• By doing this, you can mark exactly where your holes are to screw the glider base back in.

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  • Then, place your wood glider back onto the chipboard bottom of the foot cushion.
    • Line up the screw holes on the glider with the screw holes on the foot cushion.
  • Use your screwdriver and screws to re-screw the glider back onto the bottom of the foot cushion.

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Step 6: Re-cover arm Cushions with Snaps

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  • Ok folks, so this was the hardest part for me (and where it gets tricky if you’re trying to reuse the snaps).  The arm cushions each had a little lip on the edge of them that was used to snap the arm cushions onto the chair. So I had to sew not only the cover for the cushions, but I had to sew  little lip in the cover, as well.
  • If you decide NOT to use snaps, and to use ribbon ties instead, forgo the lip entirely. Instead, just sew in ribbon ties as I told you how in Step 2. 
    • Doing this may be easier for a novice sewer.

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  • To do this, I DID NOT remove the previous fabric, and only re-covered the arm cushions ON TOP of the previous fabric. It worked out well, in this case.
  • First, I put my new fabric on top of the arm cushions RIGHT SIDE IN (wrong side out, facing you).
  • Then, I used my sewing pins to pin along the edges of the cushions, as well as the sides of the lip (see pictures above for clarification).

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  • Once everything was all pinned (minus the bottom), I removed the cushion from the new cover, and ran the edges through my sewing machine (just as I did for the previous cushions).
  • You’ll need to sew all the way from the bottom of the cover UP to the lip. Then,  from the top of the cover DOWN to the lip. Then, finally, the lip edge itself. All edges will meet in one spot (where the lip meets the rest of the cushion).
    • Do this for each side of each arm cushion cover.

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  • Once all the sewing is done (minus the bottom), turn your cover right side out, and put your arm cushion into the new cover.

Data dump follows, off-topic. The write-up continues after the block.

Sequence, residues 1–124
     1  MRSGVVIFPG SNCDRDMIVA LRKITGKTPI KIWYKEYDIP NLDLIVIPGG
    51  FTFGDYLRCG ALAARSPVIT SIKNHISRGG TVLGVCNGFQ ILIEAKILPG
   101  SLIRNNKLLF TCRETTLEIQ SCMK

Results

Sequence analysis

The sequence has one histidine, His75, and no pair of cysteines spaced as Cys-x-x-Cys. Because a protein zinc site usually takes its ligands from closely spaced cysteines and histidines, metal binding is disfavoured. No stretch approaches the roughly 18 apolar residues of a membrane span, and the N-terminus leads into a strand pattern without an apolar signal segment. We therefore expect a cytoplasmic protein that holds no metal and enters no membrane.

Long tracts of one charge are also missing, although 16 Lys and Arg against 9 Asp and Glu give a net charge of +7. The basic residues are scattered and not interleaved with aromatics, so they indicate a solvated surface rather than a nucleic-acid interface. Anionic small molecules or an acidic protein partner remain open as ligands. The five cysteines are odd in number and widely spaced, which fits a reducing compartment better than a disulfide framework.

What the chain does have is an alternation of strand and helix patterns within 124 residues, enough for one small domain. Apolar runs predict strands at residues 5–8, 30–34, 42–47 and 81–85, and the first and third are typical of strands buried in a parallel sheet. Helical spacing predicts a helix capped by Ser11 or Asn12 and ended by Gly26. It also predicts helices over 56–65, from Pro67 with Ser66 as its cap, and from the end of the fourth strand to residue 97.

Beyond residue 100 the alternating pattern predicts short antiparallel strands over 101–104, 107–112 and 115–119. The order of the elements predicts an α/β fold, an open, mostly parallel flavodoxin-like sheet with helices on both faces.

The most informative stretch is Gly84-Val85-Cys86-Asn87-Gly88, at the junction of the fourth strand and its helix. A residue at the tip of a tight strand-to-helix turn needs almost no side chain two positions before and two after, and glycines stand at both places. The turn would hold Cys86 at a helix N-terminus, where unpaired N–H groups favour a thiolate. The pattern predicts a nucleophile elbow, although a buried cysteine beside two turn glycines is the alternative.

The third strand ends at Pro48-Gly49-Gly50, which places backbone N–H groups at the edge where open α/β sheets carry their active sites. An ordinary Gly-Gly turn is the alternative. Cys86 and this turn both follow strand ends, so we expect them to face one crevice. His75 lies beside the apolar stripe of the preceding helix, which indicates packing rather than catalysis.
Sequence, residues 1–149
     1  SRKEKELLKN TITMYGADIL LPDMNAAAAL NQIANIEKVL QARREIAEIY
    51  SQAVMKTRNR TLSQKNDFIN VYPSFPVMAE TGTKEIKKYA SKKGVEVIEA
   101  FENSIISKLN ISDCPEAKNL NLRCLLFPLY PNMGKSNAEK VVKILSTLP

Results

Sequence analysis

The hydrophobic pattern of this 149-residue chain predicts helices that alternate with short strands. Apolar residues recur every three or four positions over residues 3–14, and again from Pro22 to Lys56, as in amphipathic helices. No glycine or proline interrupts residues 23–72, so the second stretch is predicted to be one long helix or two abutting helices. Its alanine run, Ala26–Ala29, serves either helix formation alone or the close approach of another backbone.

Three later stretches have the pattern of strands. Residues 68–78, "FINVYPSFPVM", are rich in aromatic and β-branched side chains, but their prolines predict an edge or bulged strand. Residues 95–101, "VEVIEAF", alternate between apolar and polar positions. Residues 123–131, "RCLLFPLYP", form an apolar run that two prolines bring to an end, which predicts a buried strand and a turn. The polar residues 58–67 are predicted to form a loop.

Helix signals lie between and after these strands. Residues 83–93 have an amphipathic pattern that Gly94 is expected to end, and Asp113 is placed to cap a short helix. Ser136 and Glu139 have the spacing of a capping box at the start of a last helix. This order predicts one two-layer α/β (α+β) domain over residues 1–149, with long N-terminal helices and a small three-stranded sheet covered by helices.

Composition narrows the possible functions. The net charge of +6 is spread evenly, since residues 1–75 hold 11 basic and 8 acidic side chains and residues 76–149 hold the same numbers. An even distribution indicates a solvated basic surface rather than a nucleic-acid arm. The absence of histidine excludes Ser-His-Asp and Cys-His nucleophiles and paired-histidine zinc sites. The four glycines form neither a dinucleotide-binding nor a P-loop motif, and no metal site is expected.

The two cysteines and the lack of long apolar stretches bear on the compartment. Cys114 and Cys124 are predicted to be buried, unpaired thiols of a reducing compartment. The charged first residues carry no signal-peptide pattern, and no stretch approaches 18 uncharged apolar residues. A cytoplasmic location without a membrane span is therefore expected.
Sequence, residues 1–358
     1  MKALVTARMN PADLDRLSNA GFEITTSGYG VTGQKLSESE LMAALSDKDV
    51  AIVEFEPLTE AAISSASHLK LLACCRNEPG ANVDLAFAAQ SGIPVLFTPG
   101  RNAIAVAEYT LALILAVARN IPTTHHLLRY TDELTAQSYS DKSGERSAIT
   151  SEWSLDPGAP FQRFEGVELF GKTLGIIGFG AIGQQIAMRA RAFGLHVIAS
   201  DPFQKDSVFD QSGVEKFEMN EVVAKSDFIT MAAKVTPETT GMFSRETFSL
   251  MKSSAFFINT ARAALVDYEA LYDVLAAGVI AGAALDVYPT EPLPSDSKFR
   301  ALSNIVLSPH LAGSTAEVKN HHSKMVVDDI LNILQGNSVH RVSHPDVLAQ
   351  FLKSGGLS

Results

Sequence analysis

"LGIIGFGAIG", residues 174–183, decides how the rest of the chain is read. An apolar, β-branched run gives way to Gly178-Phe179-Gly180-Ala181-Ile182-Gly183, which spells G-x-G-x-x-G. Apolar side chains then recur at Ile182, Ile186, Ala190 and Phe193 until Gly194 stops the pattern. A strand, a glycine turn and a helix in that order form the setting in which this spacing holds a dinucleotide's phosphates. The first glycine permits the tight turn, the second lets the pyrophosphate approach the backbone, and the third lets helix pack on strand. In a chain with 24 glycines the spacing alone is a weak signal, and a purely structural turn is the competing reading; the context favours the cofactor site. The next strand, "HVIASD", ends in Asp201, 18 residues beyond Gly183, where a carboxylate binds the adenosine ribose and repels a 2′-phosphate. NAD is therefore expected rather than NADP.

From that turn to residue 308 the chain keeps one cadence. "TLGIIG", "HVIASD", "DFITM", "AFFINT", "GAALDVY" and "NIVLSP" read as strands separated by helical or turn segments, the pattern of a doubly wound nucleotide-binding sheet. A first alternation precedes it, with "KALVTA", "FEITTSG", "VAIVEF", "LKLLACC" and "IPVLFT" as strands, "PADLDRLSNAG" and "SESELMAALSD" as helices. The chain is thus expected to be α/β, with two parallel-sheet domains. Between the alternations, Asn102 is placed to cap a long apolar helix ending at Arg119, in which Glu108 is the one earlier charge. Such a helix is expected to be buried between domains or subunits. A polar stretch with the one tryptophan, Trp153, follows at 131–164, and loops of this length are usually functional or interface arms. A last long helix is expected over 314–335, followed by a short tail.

• Again (just as you did with your other cushion covers) fold the bottom edges inside to make a nice seam at the bottom.
  • Then, with a needle and thread, use a ladder stitch to hand sew the bottom shut.

Step 7: Pop Snaps out of New Fabric and Sew into Place

You can skip this step if you sew ties into your covers instead of using the old snaps.

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  • Now, just like you did with the screw holes for the foot cushion, feel through your fabric to see where your snaps are.
  • Cut tiny holes JUST big enough so you can push your snaps through.
  • Then, push the excess fabric underneath the outer edge of the snap.

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  • Finally, just sew (by hand) around the outer edge of the snap, making sure you’re sewing your new fabric cover tightly to the fabric the snap is attached to.
  • This will not only keep the snap in place, but it will keep the fabric from moving or fraying around the edges of the snap.

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Voi La!

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Pretty crazy, huh? It’s not the quickest, or easiest project, but they never really are. But it is oh so cute. I’m obsessed. And my hubby likes it because it helps add a “pop of color” into the mostly-neutral toned room. I love my neutrals! I just can never seem to get enough.

Again, you can make things a lot easier on yourself by just buying the chair cushion pattern, foam, and making your cushions from scratch. Total DIY rocking chair status there. BUT, you’ll spend a lot more money (foam is not cheap). Just depends on what is most important to YOU!

But if you’re ready to rock and roll with my tutorial above, kudos! Here’s a recap of everything you’ll need to get the job done…

The Necessary Supplies: